Hemp puts down roots in New Mexico
The hemp revolution is underway in New Mexico, with the potential for a sustainable crop that boosts jobs, local economies and state tax revenues.
That, after all, was the whole reason the Legislature supported making hemp a legal crop — despite opposition from then-Gov. Susana Martinez, who vetoed the legislation, only to have it overturned. Now, Gov. Michelle Lujan Grisham is in charge. Together with the Legislature, she supported House Bill 581 allowing the manufacture, testing, regulation of and research into hemp.
This week came the most recent sign that hemp is a growth industry. Rich Global Hemp Corp. announced it will open a hemp production business in Doña Ana County, locating in a 750,000-square-foot greenhouse business in Las Cruces, eventually employing 180 people.
To help the company start up, the New Mexico Economic Development Department has pledged more than $2 million in assistance, a smart investment in a cash crop for New Mexico’s future. The project is expected to generate $136 million in direct spending over the next 10 years. That would bring its total economic impact to $247 million, according to a state Economic Development Department analysis.
It’s all part of a strategy from Lujan Grisham that identifies industries that will help New Mexico diversify its economy. Value-added agriculture is a key sector the governor believes can grow and improve the state’s bottom line.
Rich Global Hemp specializes in developing genetic strains of hemp that then become startup plants for farmers. But that’s not all. The company is building a research operation designed to identify certain genetic markers of the plants and creating a certification program for feminized seeds. Some of that work is being done in cooperation with the New Mexico Department of Agriculture and New Mexico State University, offering research opportunities to students. Talk about value added.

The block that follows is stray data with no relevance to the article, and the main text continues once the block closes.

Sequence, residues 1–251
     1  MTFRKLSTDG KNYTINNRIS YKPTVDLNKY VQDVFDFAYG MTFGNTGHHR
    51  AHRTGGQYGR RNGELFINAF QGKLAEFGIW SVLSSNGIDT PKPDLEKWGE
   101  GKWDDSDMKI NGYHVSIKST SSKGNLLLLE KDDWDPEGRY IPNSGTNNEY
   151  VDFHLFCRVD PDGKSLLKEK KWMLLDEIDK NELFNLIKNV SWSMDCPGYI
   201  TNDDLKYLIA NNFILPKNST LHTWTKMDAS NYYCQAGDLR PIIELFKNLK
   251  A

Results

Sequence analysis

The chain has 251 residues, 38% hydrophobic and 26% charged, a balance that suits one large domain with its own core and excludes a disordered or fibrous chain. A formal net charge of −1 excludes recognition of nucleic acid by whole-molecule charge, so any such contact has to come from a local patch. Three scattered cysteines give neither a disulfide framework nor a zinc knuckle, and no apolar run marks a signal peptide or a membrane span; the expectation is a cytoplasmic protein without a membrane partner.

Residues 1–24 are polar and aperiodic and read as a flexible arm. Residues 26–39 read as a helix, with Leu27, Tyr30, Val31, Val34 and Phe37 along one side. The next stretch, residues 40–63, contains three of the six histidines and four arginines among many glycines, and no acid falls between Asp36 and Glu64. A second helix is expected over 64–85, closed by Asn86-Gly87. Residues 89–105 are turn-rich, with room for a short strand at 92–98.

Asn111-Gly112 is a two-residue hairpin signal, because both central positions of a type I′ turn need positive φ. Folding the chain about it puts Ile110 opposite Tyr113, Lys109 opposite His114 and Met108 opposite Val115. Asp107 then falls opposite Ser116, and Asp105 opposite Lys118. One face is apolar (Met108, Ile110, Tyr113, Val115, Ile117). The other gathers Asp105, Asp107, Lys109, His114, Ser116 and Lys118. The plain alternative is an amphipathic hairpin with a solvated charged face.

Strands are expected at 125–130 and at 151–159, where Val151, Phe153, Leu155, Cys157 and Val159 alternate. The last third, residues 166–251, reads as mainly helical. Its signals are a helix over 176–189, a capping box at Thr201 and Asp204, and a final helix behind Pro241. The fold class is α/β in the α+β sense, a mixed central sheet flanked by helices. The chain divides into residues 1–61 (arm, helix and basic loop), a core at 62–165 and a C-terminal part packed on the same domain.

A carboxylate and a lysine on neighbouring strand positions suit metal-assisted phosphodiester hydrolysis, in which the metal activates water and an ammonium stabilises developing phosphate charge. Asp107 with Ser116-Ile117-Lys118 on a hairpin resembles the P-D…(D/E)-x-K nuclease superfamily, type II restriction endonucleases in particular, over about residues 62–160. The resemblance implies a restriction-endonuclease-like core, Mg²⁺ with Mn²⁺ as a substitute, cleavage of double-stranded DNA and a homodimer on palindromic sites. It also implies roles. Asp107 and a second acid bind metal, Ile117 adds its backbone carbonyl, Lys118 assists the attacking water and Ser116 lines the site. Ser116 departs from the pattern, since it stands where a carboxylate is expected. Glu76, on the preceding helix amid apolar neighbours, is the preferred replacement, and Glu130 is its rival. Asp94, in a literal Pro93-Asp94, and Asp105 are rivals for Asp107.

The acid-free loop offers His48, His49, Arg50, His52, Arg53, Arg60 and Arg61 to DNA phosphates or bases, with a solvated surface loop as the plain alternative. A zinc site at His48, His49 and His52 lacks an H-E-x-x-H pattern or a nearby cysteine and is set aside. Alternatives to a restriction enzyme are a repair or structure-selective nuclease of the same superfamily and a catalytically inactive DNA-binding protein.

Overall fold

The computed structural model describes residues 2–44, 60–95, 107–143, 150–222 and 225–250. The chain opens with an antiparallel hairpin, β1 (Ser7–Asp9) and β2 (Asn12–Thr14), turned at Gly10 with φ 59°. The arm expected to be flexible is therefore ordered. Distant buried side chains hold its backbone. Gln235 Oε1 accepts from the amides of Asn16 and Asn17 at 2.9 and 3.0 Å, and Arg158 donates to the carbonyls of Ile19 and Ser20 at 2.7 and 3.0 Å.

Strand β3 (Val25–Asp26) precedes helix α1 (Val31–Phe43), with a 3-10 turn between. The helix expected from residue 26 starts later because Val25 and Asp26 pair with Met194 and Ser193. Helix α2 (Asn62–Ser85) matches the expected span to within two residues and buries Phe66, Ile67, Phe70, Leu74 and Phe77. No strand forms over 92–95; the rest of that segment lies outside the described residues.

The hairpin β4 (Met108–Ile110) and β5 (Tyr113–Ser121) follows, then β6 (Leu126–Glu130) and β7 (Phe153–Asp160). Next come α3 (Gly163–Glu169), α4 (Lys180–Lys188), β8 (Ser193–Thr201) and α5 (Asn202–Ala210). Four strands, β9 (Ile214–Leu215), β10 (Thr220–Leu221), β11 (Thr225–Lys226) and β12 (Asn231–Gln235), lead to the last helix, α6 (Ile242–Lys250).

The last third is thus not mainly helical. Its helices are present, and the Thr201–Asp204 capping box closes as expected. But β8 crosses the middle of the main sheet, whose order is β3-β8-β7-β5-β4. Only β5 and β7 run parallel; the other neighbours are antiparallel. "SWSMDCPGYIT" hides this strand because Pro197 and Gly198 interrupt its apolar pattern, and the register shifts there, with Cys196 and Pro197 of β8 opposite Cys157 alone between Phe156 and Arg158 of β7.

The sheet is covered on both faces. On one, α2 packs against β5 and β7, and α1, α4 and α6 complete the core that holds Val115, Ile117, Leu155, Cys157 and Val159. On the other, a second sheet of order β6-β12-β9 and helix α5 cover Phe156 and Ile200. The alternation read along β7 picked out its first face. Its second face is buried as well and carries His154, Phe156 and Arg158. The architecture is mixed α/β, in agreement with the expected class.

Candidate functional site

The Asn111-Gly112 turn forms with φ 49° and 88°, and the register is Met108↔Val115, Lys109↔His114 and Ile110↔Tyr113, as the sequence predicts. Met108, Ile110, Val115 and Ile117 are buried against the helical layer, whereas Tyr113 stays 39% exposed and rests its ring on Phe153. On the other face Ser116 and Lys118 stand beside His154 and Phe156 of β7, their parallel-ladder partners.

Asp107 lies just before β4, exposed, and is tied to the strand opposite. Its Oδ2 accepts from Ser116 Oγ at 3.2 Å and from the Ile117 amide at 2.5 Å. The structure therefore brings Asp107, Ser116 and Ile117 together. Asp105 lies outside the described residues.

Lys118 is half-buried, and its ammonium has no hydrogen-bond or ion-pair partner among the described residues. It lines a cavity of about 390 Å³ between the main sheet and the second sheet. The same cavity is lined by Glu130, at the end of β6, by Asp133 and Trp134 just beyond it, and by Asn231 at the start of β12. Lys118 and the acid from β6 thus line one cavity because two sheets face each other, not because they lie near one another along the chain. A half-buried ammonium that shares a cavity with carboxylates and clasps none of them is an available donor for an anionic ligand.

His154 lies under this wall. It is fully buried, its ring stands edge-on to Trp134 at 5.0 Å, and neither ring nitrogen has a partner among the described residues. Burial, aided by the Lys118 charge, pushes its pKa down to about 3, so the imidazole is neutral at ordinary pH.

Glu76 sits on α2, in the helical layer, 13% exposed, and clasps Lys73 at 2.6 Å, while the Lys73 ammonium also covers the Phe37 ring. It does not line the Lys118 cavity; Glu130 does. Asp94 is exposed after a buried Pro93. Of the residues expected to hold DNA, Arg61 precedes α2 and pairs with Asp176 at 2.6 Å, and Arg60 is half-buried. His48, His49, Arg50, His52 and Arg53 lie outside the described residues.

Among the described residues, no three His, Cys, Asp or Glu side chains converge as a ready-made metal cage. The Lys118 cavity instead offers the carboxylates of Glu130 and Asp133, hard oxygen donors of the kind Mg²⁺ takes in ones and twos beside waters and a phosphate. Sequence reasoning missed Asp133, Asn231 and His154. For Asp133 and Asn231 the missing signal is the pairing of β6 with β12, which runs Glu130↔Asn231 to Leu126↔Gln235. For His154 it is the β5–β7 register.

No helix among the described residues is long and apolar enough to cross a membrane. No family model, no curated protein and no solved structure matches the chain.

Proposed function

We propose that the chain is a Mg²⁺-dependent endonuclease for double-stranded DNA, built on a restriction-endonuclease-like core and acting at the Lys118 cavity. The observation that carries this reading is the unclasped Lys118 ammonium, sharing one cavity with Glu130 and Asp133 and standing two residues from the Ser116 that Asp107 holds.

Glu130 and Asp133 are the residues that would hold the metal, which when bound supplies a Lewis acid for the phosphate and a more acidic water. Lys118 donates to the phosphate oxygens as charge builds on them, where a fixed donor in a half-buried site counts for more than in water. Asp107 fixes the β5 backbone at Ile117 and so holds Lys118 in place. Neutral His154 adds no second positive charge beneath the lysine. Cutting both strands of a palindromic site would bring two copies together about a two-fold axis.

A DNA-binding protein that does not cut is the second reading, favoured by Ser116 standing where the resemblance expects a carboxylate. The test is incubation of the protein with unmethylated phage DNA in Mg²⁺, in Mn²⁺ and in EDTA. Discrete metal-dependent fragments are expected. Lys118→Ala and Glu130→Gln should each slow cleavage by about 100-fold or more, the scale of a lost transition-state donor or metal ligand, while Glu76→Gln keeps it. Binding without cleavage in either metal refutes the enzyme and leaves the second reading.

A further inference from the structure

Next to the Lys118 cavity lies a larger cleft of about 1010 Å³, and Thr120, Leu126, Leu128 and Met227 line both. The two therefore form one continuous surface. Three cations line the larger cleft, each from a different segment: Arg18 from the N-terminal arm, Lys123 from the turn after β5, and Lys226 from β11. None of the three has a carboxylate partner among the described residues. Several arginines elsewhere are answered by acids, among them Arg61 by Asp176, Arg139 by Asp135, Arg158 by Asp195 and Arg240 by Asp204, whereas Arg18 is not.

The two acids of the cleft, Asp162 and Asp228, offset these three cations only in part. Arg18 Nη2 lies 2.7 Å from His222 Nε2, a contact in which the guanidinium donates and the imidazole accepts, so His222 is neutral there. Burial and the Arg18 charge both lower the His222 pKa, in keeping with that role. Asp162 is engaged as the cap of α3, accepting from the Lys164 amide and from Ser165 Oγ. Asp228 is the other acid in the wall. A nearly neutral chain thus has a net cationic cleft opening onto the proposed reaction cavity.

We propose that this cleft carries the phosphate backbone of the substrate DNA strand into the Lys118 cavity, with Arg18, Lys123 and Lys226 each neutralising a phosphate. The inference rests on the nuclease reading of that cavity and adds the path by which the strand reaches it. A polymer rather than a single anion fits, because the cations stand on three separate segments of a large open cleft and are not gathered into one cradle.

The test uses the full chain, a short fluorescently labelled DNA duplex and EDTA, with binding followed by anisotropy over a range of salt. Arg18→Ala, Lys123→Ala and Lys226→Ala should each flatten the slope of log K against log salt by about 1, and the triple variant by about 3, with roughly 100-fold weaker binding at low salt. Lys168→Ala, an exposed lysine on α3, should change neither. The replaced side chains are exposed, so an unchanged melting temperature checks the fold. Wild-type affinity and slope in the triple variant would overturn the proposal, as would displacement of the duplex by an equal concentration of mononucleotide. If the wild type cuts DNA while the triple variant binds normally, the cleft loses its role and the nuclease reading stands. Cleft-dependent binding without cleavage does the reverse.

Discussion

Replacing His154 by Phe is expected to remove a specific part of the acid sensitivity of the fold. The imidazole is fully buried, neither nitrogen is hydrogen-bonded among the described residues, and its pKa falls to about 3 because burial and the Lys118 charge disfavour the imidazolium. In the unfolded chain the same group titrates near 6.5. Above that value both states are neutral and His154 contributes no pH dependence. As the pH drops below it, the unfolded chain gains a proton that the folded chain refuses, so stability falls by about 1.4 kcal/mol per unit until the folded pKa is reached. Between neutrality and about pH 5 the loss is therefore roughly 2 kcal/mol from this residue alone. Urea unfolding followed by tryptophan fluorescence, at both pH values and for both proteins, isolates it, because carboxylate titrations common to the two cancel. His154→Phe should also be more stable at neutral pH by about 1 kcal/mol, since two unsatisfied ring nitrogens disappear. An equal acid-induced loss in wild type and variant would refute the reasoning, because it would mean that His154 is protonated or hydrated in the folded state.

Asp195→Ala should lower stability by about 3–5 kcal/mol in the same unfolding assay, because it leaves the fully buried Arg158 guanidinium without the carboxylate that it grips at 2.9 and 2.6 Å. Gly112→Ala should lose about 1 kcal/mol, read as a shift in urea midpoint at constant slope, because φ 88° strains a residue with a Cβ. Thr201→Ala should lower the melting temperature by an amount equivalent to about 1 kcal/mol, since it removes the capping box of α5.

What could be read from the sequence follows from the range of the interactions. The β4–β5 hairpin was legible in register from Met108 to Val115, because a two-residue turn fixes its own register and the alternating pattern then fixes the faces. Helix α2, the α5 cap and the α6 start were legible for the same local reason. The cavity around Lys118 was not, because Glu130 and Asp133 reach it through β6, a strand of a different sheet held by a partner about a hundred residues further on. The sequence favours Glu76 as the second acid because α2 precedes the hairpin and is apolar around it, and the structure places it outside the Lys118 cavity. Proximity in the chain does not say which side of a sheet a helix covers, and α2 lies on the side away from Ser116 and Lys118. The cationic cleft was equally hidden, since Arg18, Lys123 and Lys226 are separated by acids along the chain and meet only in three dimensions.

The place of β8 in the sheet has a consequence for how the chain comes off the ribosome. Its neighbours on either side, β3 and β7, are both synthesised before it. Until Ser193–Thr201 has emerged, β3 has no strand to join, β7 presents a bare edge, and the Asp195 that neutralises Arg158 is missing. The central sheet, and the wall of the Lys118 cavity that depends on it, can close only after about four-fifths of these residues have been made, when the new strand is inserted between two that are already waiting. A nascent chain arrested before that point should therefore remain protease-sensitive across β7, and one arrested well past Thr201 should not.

The crop is logical for New Mexico. Hemp grows well with less water and in high temperatures and can be used in some 25,000 products. That hemp will be a crop possibility at all is due to the 2018 Farm Bill, which essentially legalized growing hemp across the nation. The growth potential is impressive, with the Hemp Business Journal predicting growth from $820 million in 2017 to $2.1 billion by 2020 — and that was before hemp became completely legal.
In addition to New Mexico’s suitable climate, growing hemp is a possibility for dairy farmers who want to find new ventures in agriculture as well as for people who are looking for new ventures for investment. Some believe it will rank with green chile and pecans as money makers for the state.
That’s still in the future, and growing hemp is more complicated than most crops because of the morass of legislation that still surrounds the plant. Known as industrial hemp, it belongs to the cannabis species of plants such as marijuana, although hemp varieties contain just traces of marijuana’s psychoactive components. You can’t get high smoking hemp, in other words. However, producers can extract cannabidiol, or CBD, for use in health, medical and beauty products. That’s a hot market right now in New Mexico and across the country.
By getting in early, New Mexico is making sure its farmers are not left behind. Hemp is going to be a lucrative crop; now, that money can be made and spent right here in New Mexico.